It used to be considered good English Contract Law that a penalty charge levied by a party for breach of contract by the other party had to be a “genuine pre-estimate” of the loss suffered for it to be enforceable. If there was no apparent loss, then there couldn’t be a need for a penalty to be charged. An example would be an overstay in a private car park where it could be said that there was no real financial loss suffered as a consequence of the overstay.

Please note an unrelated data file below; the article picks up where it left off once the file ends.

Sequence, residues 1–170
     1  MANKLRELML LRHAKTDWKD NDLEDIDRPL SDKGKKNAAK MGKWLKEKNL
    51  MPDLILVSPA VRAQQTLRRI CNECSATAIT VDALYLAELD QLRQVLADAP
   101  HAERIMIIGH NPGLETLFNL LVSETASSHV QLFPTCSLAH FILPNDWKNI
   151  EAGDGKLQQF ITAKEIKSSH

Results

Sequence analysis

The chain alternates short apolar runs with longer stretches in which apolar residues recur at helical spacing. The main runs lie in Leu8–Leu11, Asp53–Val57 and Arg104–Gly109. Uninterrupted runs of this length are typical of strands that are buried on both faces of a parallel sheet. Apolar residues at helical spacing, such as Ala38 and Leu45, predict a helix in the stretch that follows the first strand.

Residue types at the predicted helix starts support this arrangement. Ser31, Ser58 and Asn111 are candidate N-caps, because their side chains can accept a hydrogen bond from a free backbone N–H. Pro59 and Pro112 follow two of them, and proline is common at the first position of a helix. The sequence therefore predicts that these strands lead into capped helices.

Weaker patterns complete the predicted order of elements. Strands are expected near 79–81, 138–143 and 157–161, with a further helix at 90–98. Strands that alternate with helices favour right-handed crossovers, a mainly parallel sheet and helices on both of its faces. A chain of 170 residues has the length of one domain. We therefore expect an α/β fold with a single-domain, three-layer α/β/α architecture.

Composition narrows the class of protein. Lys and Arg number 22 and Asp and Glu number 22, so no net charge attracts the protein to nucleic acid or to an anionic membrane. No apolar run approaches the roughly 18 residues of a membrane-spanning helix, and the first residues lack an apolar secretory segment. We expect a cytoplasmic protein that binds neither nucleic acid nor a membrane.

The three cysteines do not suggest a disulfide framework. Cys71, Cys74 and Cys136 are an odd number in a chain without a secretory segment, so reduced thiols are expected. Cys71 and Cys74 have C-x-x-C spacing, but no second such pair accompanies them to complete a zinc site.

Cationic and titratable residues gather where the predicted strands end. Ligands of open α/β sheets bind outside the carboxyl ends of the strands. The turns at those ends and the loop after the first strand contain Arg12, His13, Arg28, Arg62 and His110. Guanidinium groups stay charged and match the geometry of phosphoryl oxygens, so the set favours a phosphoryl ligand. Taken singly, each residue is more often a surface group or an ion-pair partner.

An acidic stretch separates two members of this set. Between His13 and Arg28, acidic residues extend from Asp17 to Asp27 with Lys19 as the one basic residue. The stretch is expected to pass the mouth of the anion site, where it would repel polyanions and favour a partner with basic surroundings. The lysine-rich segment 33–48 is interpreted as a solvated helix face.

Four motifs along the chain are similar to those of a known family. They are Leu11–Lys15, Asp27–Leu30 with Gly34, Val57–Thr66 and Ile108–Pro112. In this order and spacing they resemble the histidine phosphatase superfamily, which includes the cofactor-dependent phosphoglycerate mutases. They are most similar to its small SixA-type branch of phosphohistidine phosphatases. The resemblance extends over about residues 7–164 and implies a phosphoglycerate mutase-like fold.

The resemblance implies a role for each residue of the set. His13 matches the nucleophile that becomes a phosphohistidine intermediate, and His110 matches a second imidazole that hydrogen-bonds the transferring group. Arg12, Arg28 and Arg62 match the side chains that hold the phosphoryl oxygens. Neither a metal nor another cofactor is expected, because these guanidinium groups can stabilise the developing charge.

However, the decision in ParkingEye Ltd v Beavis  UKSC 67 clarified this area of the law, by suggesting that the penalty charge would only be unenforceable if it was “out of all proportion to any legitimate interest of the innocent party in the enforcement of the primary obligation”. In other words, the mere fact that the parking company had a legitimate interest in making sure people didn’t overstay meant that an £85 charge was valid in this particular case.